(Continued in my piece on PLOP! In the meanwhile: if you can stomach it, you can watch the 2-year-old’s Madonna routine here.)

Real-life quotes about Who’s That Girl, and for no particular reason, my interview with Leonard Nimoy.

Who is that girl?

From Makes Own Kombucha, Age 49:

“Madonna? You mean, the singer Madonna?”

From Just Married!, age 25:

“She just doesn’t seem all that relevant. I mean, it’s ok to do all that stuff (evocative twirling gesture with hands) when you are in your twenties.”

From Lemon Pasta, aged 38:

“I just got MDNA. It’s OK, but I will defend it to the death because it is Madonna.”

On May 7th, the literary magazine PLOP! Review will publish my review of the new anthology Madonna and Me: Women Writers on The Queen of Pop (Soft Skull Press, 2012).

Assigned readings:

Hope is the reason we have children.

I had the phrase in mind as I put together my submission to the SheWrites Passion Project. The phrase is not in my submission. I submitted the concept of hope being the reason; the only element of sanity, really, if you examine the facts of family from a cost/benefit perspective. We hope to create something better than our experience. Perhaps because a parent’s wants and needs by definition must fall second to keeping a child alive and thriving, often unsaid is the idea that in the attempt to create something better, we experience the joy of the attempt.

These thought arrived this AM, during a Feldenkrais session. I was working with my upper back and felt a long-in-coming truth about a connection between the belly muscles, upper back, and shoulder.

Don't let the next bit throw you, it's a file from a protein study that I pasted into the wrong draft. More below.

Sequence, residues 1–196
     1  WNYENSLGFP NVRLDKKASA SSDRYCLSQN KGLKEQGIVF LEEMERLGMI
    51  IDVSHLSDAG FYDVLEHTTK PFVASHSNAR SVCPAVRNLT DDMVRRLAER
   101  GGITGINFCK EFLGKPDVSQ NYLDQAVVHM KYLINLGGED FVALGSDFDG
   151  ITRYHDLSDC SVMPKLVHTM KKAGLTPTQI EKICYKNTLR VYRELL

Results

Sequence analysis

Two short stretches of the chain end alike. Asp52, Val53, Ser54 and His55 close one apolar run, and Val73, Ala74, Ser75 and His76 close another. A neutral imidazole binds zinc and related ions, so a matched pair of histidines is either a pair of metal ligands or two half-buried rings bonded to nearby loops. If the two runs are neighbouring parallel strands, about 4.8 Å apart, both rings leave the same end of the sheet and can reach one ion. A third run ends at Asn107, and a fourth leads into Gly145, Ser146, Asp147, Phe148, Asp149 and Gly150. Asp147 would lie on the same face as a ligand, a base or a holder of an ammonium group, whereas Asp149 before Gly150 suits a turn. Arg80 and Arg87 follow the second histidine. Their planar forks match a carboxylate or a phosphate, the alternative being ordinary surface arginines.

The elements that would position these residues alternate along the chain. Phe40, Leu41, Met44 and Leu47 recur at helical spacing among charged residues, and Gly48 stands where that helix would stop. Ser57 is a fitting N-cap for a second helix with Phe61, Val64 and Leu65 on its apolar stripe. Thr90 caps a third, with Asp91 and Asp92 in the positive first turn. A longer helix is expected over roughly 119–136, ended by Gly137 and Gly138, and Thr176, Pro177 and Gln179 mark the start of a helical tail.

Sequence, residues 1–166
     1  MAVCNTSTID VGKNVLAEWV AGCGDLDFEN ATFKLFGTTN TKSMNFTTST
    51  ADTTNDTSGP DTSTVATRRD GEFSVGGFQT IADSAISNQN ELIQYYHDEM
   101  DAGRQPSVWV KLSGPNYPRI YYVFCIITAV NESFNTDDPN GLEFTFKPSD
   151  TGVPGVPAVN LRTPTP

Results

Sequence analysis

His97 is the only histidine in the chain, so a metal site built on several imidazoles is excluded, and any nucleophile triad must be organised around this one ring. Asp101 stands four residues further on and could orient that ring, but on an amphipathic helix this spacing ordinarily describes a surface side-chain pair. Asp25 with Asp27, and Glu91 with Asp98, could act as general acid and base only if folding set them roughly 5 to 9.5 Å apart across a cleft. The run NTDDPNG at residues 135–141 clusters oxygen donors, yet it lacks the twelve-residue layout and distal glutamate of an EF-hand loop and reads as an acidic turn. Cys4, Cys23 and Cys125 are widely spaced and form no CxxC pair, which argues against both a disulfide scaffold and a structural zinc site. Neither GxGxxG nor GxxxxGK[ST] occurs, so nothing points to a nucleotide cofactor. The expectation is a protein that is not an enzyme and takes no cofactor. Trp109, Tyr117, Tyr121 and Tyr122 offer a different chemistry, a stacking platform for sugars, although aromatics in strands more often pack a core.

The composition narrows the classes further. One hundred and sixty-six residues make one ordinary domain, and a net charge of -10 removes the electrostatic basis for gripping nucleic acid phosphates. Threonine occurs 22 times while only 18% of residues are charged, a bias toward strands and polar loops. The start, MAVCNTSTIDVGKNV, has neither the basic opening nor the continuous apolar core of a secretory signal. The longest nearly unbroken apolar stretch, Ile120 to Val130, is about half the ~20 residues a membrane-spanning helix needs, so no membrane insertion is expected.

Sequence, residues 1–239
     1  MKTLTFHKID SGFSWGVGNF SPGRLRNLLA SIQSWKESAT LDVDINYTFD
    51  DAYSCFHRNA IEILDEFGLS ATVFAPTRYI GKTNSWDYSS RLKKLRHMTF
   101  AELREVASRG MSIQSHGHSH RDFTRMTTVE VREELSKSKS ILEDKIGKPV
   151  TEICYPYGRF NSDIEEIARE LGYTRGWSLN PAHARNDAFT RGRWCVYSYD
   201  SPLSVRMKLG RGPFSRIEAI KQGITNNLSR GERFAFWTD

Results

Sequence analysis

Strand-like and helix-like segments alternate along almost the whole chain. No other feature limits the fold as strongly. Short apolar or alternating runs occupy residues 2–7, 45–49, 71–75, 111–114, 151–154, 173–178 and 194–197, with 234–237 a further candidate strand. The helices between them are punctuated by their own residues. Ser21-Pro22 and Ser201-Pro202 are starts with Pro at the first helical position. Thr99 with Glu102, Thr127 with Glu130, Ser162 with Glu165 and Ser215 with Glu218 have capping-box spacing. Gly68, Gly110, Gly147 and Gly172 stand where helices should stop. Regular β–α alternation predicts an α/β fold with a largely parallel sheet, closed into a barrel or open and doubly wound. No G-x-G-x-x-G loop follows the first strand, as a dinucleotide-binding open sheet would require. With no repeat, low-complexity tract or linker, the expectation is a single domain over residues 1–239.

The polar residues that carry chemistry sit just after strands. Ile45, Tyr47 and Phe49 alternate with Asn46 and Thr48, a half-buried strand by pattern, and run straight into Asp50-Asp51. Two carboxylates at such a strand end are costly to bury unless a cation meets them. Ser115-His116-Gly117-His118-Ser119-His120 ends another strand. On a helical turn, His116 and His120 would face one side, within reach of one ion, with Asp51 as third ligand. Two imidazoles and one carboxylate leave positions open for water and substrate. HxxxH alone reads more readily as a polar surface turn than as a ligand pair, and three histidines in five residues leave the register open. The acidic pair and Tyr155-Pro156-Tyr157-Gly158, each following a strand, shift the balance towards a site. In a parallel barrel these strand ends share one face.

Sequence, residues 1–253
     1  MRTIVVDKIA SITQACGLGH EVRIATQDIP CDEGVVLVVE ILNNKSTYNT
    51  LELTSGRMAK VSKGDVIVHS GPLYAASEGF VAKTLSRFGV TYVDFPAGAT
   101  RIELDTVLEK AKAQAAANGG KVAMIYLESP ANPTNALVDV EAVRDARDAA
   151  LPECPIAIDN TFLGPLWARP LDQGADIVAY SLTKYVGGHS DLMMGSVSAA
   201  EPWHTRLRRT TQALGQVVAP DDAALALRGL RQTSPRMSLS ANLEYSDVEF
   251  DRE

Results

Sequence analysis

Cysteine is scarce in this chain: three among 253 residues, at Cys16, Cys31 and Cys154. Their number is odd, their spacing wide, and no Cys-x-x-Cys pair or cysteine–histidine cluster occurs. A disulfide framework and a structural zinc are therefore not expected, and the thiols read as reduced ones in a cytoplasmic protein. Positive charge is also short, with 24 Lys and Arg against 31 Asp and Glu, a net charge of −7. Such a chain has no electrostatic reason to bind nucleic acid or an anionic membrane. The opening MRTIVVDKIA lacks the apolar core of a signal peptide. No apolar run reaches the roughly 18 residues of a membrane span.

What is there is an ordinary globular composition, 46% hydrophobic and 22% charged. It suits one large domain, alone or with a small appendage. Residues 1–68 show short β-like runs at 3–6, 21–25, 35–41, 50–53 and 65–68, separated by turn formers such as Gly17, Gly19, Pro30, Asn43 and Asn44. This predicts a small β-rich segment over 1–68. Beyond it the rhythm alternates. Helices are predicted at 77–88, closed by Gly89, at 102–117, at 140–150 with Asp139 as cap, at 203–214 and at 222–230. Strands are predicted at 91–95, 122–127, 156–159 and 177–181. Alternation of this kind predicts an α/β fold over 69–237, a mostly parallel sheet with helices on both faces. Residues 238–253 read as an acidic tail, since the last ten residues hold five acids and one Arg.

I didn’t think, “Back, shoulder, belly.” I thought, “Most truth comes quietly.”

Latest essay a big hit! Subtitle: Readers respond.

Lovely responses to The Buddhism of Baseball, mostly from readers I don’t even know.  In order of appearance:

  • “You had me laughing, admiring your writing, and then getting all teared up. Sheesh, girl, you have some catastrophic writing skeels! OMG I wanna be you when I grow up. Even though I am unsubscribing from like every email I get, I signed right up, quick as a bunny, to receive your crisp and lively missives.”  Julie Genovese, Nothing Short of Joy.
  • “Nice essay. I’m still defragging. I must be running on motherfucking Windows.” Dave Gilbert.
  • “A great swirl of themes in a compact package. Fantastic.” Susan Barrett PricePassion and Peril on the Silk Road.
  • “Dear Alle: I gasped and choked at your last words. Wow. I do love your essay. Your thinking. Your persistence. Your survival. As I am yet another person wound up in the web of your ability to love, I am thankful.” Chris.